Conclusions: The striking degree of non-random intercrypt heterogeneity in truncal and driver gene mutations observed in adenomas and carcinomas is consistent with a polycryptal model derived from multiple independent initiation linages as the source of early ITH in colorectal carcinogenesis. - Source :PubMed

Lineage switch from B acute lymphoblastic leukemia to acute monocytic leukemia with persistent t(4;11)(q21;q23) and cytogenetic evolution under CD19-targeted therapy.

- Source :PubMed

HLA Class Ia and Ib Polyreactive Anti-HLA-E IgG2a Monoclonal Antibodies (TFL-006 and TFL-007) Suppress Anti-HLA IgG Production by CD19+ B Cells and Proliferation of CD4+ T Cells While Upregulating Tregs.

The anti-HLA-E IgG2a mAbs, TFL-006 and TFL-007, reacted with all HLA-I antigens, similar to the therapeutic preparations of IVIg. Indeed, IVIg lost its HLA reactivity, when its HLA-E reactivity was adsorbed out. US-FDA approved IVIg to reduce antibodies in autoimmune diseases. But the mechanism underlying IVIg-mediated antibody reduction could not be ascertained due to the presence of other polyclonal antibodies. In spite of it, the cost prohibitive high or low IVIg is administered to patients waiting for donor organ and for allograft recipients for lowering antiallograft antibodies. A mAb that could mimic IVIg in lowering Abs, with defined mechanism of action, would be highly beneficial for patients. Demonstrably, the anti-HLA-E mAbs mimicked several functions of IVIg relevant to suppressing the antiallograft Abs. The mAbs suppressed activated T cells and anti-HLA antibody production by activated B cells, which were dose-wise superior to IVIg. The anti-HLA-E mAb expanded CD4+, CD25+, and Foxp(3)+ Tregs, which are known to suppress T and B cells involved in antibody production. These defined functions of the anti-HLA-E IgG2a mAbs at a level superior to IVIg encourage developing their humanized version to lower antibodies in allograft recipients, to promote graft survival, and to control autoimmune diseases. - Source :PubMed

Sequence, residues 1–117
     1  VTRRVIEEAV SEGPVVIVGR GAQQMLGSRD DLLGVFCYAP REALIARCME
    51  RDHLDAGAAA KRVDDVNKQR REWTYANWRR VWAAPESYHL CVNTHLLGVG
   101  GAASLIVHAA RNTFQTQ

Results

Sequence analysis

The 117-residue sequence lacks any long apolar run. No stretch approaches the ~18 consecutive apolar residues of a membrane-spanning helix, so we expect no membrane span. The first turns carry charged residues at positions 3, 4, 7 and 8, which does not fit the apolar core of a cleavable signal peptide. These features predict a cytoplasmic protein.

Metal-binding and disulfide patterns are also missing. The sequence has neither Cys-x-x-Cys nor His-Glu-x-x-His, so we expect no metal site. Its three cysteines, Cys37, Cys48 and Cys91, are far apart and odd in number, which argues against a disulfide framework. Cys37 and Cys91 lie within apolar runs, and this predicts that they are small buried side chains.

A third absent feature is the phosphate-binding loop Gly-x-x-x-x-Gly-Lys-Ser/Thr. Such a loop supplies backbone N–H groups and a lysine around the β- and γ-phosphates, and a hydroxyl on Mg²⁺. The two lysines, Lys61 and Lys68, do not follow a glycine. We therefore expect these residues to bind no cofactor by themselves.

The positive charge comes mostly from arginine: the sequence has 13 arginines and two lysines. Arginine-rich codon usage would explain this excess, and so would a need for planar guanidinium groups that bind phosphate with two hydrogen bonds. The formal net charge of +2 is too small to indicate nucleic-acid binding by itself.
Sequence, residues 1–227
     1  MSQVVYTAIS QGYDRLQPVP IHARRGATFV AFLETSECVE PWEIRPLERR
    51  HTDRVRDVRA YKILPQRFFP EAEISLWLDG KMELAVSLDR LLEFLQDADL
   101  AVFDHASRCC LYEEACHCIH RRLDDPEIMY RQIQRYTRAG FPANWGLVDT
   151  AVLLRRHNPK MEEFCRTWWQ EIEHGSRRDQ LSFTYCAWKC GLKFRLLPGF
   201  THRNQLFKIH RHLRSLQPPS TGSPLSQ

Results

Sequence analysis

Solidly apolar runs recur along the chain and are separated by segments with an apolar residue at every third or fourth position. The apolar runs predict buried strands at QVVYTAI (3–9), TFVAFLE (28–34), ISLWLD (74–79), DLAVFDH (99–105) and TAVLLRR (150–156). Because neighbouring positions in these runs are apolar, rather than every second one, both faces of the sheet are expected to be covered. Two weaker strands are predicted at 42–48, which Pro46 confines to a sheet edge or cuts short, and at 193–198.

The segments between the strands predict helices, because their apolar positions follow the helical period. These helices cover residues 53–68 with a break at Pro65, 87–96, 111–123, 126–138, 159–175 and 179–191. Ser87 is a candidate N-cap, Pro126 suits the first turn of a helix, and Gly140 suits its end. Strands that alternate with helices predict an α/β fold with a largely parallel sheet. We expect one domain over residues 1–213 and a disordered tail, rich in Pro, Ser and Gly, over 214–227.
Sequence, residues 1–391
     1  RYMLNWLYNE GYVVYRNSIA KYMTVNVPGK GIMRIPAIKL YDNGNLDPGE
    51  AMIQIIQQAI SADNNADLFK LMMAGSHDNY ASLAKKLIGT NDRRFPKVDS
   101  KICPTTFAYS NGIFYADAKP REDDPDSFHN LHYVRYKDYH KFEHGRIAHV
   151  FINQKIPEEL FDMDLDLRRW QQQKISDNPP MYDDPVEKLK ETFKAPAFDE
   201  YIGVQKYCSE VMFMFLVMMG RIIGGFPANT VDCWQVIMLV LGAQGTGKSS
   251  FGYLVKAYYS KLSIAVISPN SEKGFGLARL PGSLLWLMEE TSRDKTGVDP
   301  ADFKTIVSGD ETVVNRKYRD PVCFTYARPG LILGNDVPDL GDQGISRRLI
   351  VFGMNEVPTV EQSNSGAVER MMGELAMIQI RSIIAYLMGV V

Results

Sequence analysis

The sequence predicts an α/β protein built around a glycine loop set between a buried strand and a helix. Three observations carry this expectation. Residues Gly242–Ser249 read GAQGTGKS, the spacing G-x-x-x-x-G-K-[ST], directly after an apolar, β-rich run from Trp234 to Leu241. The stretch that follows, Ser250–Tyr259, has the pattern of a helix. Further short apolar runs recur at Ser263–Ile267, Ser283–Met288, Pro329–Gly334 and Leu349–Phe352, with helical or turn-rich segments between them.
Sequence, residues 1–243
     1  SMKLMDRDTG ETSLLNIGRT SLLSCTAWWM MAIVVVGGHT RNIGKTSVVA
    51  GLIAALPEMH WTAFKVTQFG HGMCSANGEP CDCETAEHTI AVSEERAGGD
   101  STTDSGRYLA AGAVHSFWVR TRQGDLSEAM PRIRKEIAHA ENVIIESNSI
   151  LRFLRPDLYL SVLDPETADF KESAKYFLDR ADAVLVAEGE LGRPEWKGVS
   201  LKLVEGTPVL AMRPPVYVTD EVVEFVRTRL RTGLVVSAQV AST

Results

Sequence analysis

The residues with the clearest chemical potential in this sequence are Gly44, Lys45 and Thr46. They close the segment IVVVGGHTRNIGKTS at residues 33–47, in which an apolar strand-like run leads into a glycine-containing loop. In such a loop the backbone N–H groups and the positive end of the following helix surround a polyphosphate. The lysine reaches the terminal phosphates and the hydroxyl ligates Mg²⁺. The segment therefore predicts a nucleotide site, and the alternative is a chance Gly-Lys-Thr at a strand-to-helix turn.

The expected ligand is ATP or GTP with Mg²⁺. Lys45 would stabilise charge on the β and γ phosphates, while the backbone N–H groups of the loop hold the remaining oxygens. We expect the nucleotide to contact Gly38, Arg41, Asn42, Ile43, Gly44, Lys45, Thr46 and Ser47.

APC-targeted proinsulin expression inactivates insulin-specific memory CD8(+) T cells in NOD mice.

Type 1 diabetes (T1D) results from T-cell mediated autoimmune destruction of pancreatic β cells. Effector T-cell responses emerge early in disease development and expand as disease progresses. Following β cell destruction, a long-lived T-cell memory is generated that represents a barrier to islet transplantation and other cellular insulin-replacement therapies. Development of effective immunotherapies that control or ablate β cell destructive effector and memory T cell responses has the potential to prevent disease progression and recurrence. Targeting antigen expression to antigen-presenting cells inactivates cognate CD8(+) effector and memory T-cell responses and has therapeutic potential. Here we investigated this in the context of insulin-specific responses in the non-obese diabetic mouse where genetic immune tolerance defects could impact on therapeutic tolerance induction. Insulin-specific CD8(+) memory T cells transferred to mice expressing proinsulin in antigen-presenting cells proliferated in response to transgenically-expressed proinsulin and the majority were rapidly deleted. A small proportion of transferred insulin-specific Tmem remained undeleted and these were antigen-unresponsive, exhibited reduced TCR expression and H-2K(d)/insB15-23 tetramer binding and expressed co-inhibitory molecules. Expression of proinsulin in antigen-presenting cells also abolished the diabetogenic capacity of CD8(+) effector T cells. Therefore, destructive insulin-specific CD8(+) T cells are effectively inactivated by enforced proinsulin expression despite tolerance defects that exist in diabetes-prone NOD mice. These findings have important implications in developing immunotherapeutic approaches to T1D and other T cell-mediated autoimmune diseases.Immunology and Cell Biology accepted article preview online, 14 June 2017. doi:10.1038/icb.2017.48. - Source :PubMed